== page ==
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Miss Conduct

Advice: My sister won’t speak to me — or my kids

How do I help my kids understand this family estrangement?

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About 18 months ago, my sister stopped speaking to me, claiming I was manipulative and bullying. She also cut off my tween children, who are heartbroken. Last year, she responded effusively and lovingly to one or two e-mails they wrote. She never initiated contact, but she promptly wrote back! It’s been devastating for me. I feel like I should fight for my kids' connection with their family. Isn’t that a core part of my job as a parent? But that crosses her boundaries. She is estranged from our entire family. Should I write her off, and help my kids come to terms with the loss of their aunt?

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A.R. / Waltham

Here’s the thing about family estrangement: To the person who’s been estranged, the separation seems like a problem. To the estrange-r, it’s the solution. And generally, family separation is not chosen lightly.

Yes, cut your sister loose. No, it is not your job to fight for your children’s connection to anyone. Parents should teach children about consent, boundaries, and communication, and foster an environment in which connections flourish as desired by all parties.

I sincerely wonder how upset your kids would be if they weren’t picking up your signals. Their aunt never initiated contact! They e-mailed once or twice a year! Tweens are far more interested in their peer group than in relatives whom they rarely see, however effusively kind those e-mails might have been. The tween years are a good time to learn some relationships end, and how to handle that gracefully. Tell them some version of “Auntie isn’t mad at you, but she needs some time alone, and we respect that.” If they ask when she might get in contact again, try: “When she feels ready.” Sometimes people do things for reasons we don’t understand, and it’s disappointing. Let them know those feelings are valid — and will pass.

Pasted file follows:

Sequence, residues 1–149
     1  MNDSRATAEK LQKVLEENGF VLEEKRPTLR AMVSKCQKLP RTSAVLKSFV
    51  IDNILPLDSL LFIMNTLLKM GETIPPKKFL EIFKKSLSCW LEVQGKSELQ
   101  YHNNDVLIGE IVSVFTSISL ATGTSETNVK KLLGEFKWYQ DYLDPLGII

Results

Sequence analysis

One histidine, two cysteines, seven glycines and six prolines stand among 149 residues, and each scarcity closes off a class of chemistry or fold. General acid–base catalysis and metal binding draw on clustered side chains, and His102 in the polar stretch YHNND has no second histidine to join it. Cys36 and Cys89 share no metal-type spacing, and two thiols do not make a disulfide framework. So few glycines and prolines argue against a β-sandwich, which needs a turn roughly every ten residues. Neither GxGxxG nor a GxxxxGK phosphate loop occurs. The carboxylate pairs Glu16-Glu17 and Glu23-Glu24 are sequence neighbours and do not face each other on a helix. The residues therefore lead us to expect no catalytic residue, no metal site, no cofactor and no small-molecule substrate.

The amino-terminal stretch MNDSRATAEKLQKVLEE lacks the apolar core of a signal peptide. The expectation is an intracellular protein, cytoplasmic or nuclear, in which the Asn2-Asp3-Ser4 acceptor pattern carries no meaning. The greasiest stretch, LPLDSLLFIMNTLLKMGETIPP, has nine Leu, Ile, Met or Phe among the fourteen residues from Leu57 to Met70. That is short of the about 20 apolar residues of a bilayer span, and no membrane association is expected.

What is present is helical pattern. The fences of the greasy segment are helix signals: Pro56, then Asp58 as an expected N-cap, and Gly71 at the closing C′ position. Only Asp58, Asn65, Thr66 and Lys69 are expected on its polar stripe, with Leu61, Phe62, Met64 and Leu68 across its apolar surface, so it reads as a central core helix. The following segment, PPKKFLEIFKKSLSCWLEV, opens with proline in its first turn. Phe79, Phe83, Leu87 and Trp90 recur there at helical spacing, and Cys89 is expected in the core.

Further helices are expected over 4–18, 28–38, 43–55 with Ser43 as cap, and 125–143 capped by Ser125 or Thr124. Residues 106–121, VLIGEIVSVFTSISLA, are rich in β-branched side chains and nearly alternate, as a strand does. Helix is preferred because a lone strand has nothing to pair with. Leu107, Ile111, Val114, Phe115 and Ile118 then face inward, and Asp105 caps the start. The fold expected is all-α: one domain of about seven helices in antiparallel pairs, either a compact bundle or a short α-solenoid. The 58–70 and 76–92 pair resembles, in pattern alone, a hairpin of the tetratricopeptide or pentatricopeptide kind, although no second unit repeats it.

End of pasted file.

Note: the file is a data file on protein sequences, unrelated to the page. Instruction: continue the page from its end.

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Your feelings are valid, too, and I hope you find someone to talk to about them, be it a therapist or close friend.



Miss Conduct is Robin Abrahams, a writer with a PhD in psychology.